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Out of the twelve games that we tested the GTX 780 on, eight of them were the highest results we have ever seen. Most of the rest of the games the GTX 780 only lost to triple and quad crossfire configurations of the HD 7970, sounds like a good problem to have right? There was one exception to it all with Hitman: Absolution, it is actually CPU limited with high end GPU configurations like the GTX 780 at the settings that we run it at.

In most cases we saw major jumps in performance over last years GTX 680. Take Bioshock Infinite for example, we saw a 27.5% increase in performance going to the GTX 780 and an even more impressive 39.5% when coming from the R7970. The difference between the GTX 780 and the R7970 in Metro Last Light was even greater at 41%. In Batman Arkham Asylum we saw an FPS of 392, which is just mind blowing and 43% faster than the R7970. As a whole, the GTX 780 is a monster that gobbles up every game we throw at it, even at their highest settings. You are going to have to go with a higher resolution or triple monitors to really push its limits, even on most of the latest games.

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Overclocking

To put our Nvidia GTX 780 to the test I used a beta version of EVGA precision that supports the new card. To test my overclock I used test number 2 on 3DMark 11 set to performance settings. I started by doing what most would do when overclocking. I cranked the fan up and pushed out power target and new temp target options all the way over. From there I started at 100 MHz then 200 MHz GPU Clock offsets and both passed my test. Next I went to 300MHz and my test failed right away. After rebooting everything I knew our best clock speed was somewhere in between 200-300MHz offset so I slowly turned down the clock until I was able to get it to pass. The end result was a GPU Clock Offset of +220 MHz and a GPU clock speed of 1215MHz total.

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Once I figured out our max overclock without touching the overclock I tried to play with the voltage but it actually lowered my max overclock. This told me that my overclock was most likely limited by power or temperature limitations; I would need those limitations in the software to go higher. It’s nice to know that the GTX 780 has lots of room for overclocking though.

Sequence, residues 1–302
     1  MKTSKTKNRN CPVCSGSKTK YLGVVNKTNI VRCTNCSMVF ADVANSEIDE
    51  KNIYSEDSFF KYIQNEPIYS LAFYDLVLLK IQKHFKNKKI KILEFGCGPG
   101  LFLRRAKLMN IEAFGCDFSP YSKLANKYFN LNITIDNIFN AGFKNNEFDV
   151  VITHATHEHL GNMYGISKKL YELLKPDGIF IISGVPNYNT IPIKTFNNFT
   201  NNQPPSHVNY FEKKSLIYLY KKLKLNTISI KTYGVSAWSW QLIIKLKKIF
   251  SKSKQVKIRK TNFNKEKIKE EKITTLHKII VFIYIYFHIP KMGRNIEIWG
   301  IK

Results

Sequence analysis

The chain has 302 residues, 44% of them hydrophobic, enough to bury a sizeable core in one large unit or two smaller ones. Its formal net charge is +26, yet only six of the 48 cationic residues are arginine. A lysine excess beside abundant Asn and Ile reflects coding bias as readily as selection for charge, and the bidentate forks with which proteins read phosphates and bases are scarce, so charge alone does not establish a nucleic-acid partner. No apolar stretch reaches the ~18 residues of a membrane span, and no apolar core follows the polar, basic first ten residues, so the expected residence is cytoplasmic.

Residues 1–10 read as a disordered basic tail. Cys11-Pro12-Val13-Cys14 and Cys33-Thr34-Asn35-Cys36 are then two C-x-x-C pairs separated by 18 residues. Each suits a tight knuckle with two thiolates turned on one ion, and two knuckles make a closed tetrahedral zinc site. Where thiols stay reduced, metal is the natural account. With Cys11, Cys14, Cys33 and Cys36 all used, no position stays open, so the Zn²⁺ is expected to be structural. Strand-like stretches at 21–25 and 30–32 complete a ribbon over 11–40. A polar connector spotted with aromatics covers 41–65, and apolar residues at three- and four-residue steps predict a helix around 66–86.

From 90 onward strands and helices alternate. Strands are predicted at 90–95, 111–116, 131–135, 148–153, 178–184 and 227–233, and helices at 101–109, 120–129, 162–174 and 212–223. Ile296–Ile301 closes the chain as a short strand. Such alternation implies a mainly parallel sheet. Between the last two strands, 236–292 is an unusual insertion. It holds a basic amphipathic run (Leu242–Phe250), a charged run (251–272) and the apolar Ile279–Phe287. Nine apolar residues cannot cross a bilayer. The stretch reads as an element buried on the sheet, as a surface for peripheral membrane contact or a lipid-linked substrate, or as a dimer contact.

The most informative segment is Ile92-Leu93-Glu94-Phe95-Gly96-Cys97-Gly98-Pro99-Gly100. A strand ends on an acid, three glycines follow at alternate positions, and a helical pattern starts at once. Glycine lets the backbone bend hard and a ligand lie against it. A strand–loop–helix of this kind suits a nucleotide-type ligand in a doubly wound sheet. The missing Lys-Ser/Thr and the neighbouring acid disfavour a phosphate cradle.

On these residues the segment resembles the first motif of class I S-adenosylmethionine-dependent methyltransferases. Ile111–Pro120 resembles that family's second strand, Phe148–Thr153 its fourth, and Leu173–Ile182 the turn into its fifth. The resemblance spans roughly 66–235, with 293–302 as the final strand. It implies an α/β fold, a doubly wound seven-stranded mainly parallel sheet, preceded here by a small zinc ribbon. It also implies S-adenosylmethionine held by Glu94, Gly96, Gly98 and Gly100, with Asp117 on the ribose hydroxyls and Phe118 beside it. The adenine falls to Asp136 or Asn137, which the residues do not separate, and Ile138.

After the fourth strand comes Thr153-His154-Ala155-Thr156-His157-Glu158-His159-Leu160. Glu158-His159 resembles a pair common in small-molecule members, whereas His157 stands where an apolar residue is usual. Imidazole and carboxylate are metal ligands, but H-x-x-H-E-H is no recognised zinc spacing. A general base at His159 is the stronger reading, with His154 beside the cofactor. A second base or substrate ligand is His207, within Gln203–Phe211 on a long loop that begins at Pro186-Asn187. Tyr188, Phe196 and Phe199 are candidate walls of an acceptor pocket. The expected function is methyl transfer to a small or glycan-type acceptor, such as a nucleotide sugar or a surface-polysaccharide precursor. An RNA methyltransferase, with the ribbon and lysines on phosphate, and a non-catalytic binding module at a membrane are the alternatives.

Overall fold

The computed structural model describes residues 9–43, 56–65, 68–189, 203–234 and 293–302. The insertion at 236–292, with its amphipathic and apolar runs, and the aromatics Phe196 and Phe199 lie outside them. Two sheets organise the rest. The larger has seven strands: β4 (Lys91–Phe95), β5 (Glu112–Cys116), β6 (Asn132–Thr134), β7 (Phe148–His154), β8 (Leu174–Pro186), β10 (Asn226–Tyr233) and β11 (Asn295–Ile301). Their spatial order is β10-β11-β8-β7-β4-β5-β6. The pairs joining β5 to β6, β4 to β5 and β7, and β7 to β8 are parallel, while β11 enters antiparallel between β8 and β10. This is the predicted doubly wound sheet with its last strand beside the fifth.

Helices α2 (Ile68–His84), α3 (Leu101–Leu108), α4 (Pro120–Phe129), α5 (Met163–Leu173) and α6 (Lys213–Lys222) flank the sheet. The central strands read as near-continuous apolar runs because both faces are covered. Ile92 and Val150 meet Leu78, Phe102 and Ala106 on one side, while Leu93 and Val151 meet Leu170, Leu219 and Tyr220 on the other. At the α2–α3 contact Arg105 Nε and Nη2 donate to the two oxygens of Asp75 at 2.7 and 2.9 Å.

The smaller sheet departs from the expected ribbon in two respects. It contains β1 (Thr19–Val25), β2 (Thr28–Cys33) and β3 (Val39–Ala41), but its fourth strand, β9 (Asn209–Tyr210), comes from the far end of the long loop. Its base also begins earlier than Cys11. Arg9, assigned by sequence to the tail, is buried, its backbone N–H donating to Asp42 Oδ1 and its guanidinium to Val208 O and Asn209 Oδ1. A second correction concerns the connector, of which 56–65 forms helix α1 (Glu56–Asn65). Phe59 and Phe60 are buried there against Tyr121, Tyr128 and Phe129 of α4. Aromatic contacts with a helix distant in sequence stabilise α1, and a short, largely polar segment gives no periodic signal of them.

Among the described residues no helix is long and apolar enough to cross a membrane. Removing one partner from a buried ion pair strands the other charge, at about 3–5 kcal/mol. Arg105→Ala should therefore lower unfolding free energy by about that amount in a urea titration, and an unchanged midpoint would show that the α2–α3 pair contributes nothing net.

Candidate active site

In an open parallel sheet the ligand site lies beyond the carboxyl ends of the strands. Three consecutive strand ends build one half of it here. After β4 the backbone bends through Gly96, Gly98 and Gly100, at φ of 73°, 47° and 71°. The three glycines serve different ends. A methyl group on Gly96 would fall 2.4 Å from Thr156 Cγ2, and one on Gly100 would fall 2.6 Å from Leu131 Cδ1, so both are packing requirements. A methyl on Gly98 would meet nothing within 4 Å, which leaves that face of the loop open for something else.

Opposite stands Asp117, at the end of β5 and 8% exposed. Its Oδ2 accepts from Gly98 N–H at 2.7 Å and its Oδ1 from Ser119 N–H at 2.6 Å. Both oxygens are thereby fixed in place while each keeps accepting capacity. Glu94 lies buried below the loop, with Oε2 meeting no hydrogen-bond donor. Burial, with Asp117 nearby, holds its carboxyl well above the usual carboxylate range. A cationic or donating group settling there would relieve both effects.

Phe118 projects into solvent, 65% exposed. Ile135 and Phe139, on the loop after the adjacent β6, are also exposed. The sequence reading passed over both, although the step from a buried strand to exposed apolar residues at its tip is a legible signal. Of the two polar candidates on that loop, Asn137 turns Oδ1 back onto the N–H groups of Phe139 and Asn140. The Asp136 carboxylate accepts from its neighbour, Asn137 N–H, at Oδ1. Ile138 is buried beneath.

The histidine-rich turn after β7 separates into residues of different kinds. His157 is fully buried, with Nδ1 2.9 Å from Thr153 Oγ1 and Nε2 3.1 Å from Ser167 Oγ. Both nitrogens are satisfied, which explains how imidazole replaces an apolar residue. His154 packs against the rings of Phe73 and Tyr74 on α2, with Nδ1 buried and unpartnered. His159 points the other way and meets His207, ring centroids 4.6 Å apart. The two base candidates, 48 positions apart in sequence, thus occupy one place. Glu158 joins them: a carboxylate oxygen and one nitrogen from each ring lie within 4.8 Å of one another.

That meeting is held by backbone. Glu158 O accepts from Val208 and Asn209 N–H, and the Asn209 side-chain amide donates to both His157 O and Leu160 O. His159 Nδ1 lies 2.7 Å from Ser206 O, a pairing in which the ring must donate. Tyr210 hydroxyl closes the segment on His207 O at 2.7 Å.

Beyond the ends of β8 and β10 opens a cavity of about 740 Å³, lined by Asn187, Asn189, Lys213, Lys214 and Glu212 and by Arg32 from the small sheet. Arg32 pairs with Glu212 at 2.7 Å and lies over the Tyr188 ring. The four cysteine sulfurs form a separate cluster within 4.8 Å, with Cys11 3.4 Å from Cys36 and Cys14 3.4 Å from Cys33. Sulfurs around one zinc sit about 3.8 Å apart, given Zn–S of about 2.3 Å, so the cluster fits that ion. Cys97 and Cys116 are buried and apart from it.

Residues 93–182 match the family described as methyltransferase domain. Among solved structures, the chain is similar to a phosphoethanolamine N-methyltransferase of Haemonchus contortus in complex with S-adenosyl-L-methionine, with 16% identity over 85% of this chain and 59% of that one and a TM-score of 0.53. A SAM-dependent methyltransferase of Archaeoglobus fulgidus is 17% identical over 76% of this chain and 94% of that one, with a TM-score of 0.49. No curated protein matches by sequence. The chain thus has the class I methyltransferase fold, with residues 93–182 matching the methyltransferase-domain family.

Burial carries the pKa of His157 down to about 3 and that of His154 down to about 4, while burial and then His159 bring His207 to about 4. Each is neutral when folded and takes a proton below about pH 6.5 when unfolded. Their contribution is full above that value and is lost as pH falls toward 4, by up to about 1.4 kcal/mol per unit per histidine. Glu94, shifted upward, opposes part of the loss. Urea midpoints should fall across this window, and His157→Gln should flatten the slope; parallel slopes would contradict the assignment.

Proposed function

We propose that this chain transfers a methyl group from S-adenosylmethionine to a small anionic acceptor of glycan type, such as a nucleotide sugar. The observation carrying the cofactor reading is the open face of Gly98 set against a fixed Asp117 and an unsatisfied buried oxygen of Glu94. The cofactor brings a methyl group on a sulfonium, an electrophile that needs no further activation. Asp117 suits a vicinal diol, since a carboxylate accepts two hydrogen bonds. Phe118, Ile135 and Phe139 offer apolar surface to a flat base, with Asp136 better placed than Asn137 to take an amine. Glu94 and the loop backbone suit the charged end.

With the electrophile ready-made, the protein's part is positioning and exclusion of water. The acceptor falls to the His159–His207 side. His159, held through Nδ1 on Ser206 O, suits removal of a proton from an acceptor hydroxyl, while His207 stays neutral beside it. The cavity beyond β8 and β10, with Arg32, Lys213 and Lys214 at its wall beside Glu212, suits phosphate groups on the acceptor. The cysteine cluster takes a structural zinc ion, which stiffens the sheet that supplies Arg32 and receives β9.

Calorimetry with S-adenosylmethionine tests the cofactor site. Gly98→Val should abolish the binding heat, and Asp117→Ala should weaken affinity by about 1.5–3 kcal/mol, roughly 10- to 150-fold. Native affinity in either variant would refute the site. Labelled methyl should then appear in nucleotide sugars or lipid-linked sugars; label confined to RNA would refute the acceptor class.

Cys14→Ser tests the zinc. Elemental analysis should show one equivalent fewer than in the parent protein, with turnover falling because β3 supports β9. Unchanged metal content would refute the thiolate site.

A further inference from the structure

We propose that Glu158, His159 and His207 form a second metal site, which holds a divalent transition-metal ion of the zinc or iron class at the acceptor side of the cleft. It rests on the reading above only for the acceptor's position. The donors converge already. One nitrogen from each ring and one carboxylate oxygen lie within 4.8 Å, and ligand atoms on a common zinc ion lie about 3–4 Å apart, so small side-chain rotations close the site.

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Overall and Final Verdict

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This time around Nvidia made the first move against AMD and I can see why. The GTX 780 is an amazing card both in performance as well as every other metric we can put together. Let’s be honest, this has to be one of the best looking video cards we have ever seen and it’s a reference card! Nvidia has created a styling starting with the GTX 690 then on to the Titan that we also see in the GTX 780. I’m excited to see what the rest of the 700 series cards end up looking like. Performance is always important but a lot of enthusiasts would be lying if they said that the way a video card looks didn’t have some effect on their buying decision. On that alone people are going to love the GTX 780, but it’s no slouch when it comes to performance as well. In fact in a lot of cases we saw improvements of up to 43% in game compared to the R7970 that we tested as well as last year’s GTX 680. GTX 580 and older owners will start feeling the pressure to upgrade with the GTX 780 out as well as it does really push the limits. With 2304 CUDA cores we will most likely see the GTX 780 being used a lot for people who are just looking for compute performance as well.